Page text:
I am talking about the Liberals. However, when the Progressive Conservative Party formed the government before the Liberals, things were not much better, as we well know. On the subject of appointments, was it not the Liberal Party that appointed the famous Senator Thompson? He was good at the time. He headed the Liberal Party in Ontario. He led his troops to electoral disaster. In appreciation of his work, they appointed him at a very young age to the other House with a salary of $64,000 and $10,000 in allowances. Today he is the embarrassment of all the other senators. He was expelled from the Liberal Party for trying to boost the family fortunes. Now they are trying various ways to expel him from the Senate.
When we put the question to the Prime Minister in the House, he says we have to change the Constitution, because he was appointed to age 75. How many of my constituents have wondered why we do not abolish the Senate? They say the $45 million we would save could go to maple producers, whose sugar bushes were destroyed.
I had another proposal concerning access to information relating to the Canadian Wheat Board. I told you that sales for 1998-99 will be over $7 billion. Not $7 million but $7 billion. That is a lot of money. This $7 billion must at all costs be administered by and for grain producers.
In 1935, when the Canadian Wheat Board was created, there were a lot of bankruptcies. Eight out of ten people lost their farms. Some torched their crops. It was more profitable to burn them than to harvest them. It was less costly not to harvest their crops. At the time, the Canadian Wheat Board helped a fair number of producers get out of trouble.
Earlier, an hon. member said that some producers are thrown in jail for bypassing the board. As you know—and as the member for Trois-Rivières reminded me earlier—some producers located close to the border load their grain on big trucks and deliver it directly to American buyers. This way, they get up to 12% more than what the Canadian Wheat Board can offer them.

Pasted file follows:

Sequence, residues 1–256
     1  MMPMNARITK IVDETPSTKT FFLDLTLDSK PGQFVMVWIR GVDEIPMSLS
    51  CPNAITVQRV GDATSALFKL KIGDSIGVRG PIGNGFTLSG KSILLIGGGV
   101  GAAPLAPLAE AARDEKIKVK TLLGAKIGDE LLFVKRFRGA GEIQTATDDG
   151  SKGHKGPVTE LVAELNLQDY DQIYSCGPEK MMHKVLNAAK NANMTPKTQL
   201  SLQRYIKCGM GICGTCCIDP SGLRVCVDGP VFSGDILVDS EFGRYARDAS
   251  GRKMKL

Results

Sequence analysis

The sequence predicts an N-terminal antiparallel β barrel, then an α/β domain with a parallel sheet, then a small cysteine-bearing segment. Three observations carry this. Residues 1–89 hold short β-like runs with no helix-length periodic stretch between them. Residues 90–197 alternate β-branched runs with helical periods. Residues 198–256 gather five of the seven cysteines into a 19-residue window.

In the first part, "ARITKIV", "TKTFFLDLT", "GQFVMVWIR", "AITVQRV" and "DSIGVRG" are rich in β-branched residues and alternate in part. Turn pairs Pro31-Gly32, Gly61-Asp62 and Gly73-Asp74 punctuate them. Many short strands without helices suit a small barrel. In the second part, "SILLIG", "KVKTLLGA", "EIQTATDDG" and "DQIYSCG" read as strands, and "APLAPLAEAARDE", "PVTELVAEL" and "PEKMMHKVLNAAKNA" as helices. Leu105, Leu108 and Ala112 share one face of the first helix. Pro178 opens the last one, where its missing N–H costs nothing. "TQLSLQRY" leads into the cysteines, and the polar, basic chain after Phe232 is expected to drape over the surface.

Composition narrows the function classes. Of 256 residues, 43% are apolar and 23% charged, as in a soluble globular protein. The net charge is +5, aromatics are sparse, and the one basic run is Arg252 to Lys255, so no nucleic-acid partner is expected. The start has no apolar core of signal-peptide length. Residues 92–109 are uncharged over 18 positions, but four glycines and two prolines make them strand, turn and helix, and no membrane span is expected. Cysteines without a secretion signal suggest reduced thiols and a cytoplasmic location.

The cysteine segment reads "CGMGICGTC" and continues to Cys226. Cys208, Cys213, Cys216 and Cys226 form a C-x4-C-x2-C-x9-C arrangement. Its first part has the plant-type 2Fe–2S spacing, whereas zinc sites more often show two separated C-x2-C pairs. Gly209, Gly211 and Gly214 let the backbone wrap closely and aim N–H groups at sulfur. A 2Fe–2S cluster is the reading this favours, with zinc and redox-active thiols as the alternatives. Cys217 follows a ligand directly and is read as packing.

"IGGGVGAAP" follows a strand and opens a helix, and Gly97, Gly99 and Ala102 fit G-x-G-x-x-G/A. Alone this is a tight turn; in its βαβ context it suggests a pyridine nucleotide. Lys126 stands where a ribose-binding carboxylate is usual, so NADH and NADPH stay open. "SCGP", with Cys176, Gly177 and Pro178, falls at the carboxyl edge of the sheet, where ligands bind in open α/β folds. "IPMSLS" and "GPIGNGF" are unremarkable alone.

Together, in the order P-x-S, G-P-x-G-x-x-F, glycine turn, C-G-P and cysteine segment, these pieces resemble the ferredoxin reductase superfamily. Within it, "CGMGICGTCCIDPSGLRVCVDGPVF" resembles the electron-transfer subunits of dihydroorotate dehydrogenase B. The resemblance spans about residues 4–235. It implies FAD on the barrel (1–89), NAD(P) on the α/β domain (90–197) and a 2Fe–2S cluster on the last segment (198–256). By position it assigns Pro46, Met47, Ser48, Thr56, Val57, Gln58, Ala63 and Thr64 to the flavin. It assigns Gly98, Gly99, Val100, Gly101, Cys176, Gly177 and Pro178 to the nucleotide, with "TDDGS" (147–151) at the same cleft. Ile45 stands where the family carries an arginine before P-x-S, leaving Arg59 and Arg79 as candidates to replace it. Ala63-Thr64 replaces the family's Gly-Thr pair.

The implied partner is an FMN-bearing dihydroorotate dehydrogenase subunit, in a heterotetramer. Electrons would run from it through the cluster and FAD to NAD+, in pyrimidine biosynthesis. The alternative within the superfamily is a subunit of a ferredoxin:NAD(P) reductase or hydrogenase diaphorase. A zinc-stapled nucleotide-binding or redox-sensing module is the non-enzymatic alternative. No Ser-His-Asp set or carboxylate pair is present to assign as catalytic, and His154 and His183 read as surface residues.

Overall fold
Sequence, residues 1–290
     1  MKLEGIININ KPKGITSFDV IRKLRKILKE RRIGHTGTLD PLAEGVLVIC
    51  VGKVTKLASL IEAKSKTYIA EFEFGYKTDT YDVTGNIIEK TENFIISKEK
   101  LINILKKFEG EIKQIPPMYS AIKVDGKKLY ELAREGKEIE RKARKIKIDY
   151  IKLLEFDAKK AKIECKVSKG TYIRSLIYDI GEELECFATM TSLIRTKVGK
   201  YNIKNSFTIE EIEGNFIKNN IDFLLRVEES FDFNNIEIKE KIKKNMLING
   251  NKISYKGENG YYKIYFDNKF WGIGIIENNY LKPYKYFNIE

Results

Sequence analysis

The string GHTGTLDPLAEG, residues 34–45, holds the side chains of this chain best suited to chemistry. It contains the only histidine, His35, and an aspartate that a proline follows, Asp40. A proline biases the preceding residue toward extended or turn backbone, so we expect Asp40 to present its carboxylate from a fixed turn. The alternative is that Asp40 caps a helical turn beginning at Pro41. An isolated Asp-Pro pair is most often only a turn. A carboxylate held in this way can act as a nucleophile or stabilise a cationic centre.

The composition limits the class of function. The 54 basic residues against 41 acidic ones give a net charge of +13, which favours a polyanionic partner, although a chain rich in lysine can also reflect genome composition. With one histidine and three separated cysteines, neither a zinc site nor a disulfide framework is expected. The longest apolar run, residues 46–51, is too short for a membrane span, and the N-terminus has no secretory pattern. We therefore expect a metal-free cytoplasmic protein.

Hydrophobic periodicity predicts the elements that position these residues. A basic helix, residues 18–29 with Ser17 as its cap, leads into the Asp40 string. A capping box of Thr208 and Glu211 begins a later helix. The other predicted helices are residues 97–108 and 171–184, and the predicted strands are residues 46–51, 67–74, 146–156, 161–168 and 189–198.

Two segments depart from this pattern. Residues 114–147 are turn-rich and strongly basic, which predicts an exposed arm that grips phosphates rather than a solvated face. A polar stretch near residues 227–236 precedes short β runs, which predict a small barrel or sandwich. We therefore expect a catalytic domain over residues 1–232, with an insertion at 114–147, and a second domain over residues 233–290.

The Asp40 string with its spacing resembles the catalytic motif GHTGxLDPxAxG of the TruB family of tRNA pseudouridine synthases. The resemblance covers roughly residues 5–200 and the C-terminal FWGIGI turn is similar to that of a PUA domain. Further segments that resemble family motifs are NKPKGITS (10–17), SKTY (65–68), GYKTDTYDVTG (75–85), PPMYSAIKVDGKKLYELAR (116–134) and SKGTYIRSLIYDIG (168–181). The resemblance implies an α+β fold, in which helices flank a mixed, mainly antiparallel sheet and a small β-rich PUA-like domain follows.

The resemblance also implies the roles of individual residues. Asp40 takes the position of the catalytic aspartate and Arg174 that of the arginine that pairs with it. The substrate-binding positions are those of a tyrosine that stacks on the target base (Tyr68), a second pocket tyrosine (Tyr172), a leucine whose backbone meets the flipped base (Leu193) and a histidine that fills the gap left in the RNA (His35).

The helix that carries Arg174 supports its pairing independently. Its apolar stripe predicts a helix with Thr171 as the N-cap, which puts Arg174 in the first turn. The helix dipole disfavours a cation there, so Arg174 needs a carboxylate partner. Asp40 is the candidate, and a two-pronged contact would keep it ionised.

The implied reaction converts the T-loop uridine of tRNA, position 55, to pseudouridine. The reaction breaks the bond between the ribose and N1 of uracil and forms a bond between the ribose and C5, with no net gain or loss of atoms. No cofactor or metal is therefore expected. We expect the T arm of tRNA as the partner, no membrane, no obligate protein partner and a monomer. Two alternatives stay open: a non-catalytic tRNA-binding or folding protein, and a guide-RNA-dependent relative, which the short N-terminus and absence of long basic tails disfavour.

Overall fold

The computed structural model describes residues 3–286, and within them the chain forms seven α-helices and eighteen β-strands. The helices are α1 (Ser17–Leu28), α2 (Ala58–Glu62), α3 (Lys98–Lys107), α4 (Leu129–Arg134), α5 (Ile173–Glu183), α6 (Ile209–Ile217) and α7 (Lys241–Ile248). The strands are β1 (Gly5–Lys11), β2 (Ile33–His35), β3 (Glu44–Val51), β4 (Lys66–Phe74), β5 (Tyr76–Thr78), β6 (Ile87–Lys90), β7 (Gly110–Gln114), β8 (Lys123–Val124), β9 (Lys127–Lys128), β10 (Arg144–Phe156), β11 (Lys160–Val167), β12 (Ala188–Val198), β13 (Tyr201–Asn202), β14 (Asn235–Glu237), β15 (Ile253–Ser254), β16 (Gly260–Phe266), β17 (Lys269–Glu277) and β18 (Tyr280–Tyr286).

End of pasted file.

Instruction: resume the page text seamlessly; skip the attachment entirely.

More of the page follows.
Whenever one of these producers gets caught, he is charged and taken to court, because the law says there is a monopoly and grain can only be sold through the CWB. The producer ends up in jail. The hon. member may have exaggerated somewhat when he said that the producer was thrown in the same cell as a rapist or a drug addict, adding that, unlike rapists and drug addicts who are often paroled, the producer could not enjoy such treatment.
I will end by giving you a scoop and telling you that, primarily because the auditor general will not be able to go and audit the books, that responsibility will be given to a private accounting firm. This is worrisome; it stinks. One thing is for sure: the process will definitely lack transparency. We have some doubt, because neither the producer nor anyone else will be able to check the information. The public interest is not protected, and this puts another doubt in our mind.
Since the whole issue seems to create a lot of uncertainty and discontent among grain producers, the Bloc Quebecois will vote against Bill C-4 at third reading.